WASHINGTON -- Nancy Pelosi (D-Calif.) used her last press conference as Speaker of the House to defend the president's health-care reform package, even as incoming House Majority Leader Eric Cantor (R-Va.) advocated the law's repeal.
Although the House's prospective repeal bill would be almost certain to die in the Senate, Cantor said it was important to hold a vote on the issue soon. "The American people are expecting quick action," he told reporters on Tuesday. "They expect us to take this to the floor as quickly as possible."
Earlier in the day, Pelosi criticized her Republican counterparts for trying to repeal the new health-care law, a move which would increase the deficit, even as she congratulated them on their new positions of power.
Pelosi said that Republicans have virtually no chance of repealing the Patient Protection and Affordable Care Act, arguing that to do so would do "very serious violence to the national debt and deficit," sentiments with which her Democratic colleagues vehemently agreed.
Rep. Debbie Wasserman Schulz (D-Fla.) said repeal would leave financially-strapped families unable to pay health bills, while Rep. Rosa DeLauro (D-Conn.) called the GOP's move to repeal Obama's signature legislation "disingenuous" and "political theater."
"It's a kabuki dance ..." said DeLauro. "Repeal of health care reform is not going to happen."
Senate Democrats vowed Monday to protect a measure designed to help millions of seniors cover the cost of prescription drugs.
Pelosi told reporters she has "no regrets" about her four-year reign and that she's looking forward to working with the incoming Republican leadership. Outgoing House Majority Leader Steny Hoyer (D-Md.), meanwhile, sardonically congratulated Cantor on "taking the title I liked having," adding, "I understand that elections have consequences."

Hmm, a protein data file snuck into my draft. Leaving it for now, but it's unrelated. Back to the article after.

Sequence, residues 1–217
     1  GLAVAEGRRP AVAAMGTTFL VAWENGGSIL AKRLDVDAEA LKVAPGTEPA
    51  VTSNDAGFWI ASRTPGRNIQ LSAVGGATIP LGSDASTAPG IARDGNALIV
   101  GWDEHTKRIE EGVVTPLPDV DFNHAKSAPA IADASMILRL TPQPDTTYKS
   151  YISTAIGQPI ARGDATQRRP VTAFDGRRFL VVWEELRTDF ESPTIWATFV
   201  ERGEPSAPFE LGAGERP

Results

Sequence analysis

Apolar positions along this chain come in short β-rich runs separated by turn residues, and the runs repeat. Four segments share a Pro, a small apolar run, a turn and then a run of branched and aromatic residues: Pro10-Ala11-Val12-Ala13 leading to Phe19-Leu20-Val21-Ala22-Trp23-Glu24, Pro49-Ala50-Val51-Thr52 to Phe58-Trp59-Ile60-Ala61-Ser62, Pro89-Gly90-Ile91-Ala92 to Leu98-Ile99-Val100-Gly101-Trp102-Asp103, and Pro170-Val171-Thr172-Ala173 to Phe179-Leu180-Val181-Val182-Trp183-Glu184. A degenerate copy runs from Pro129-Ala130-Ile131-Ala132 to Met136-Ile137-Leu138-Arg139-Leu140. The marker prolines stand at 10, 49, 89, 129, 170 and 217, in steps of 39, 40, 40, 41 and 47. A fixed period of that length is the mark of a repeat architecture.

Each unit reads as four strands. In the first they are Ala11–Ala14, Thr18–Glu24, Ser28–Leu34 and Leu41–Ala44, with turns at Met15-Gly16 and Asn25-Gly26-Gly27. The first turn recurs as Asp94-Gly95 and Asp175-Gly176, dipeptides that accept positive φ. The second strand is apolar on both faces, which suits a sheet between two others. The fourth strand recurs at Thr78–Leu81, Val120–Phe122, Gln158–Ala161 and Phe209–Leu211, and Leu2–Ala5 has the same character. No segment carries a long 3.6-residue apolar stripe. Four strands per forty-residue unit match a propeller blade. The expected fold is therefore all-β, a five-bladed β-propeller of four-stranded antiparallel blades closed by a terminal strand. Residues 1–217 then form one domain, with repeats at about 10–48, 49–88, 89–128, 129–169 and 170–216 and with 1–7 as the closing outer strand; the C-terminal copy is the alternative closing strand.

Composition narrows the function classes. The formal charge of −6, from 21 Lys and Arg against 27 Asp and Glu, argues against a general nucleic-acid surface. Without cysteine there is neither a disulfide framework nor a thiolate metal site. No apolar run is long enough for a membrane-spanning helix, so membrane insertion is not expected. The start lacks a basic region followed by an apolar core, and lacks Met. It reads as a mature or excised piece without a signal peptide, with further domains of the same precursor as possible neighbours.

Cantor is slated to become majority leader on Wednesday, when Rep. John Boehner (R-Ohio) is due to be sworn in as the new House speaker.
GOP leadership has set a health-care repeal vote for next week. Despite repeated appeals for more legislative transparency and debate time, the repeal bill will go straight to the floor, bypassing the pertinent House committees.
This would mark a reversal from Cantor's calls for an open process. In a Dec. 8 "Dear Colleagues" letter, he proposed that legislation be publicly available for three days prior to entering committee and for three days before floor consideration.
"This has been litigated in the last election. It has certainly been discussed enough in this House," Cantor said by way of explanation for the abbreviated debate. Asked if he would allow Democrats to offer amendments to the bill, he said the bill would be "a very straightforward document."
Cantor promised more transparency in a prospective Republican health-care reform bill, to be presented after a repeal of last year's law.
The incoming majority leader declined to say, however, whether he thought a repeal could make it through the Senate or, in that event, past a certain veto from Obama.
"The Senate will have to consider its position once the House passes the repeal bill and they hear from their constituents," he said. "The Senate can serve as a cul-de-sac if that's what it wants to be, but they'll have to answer to the American people."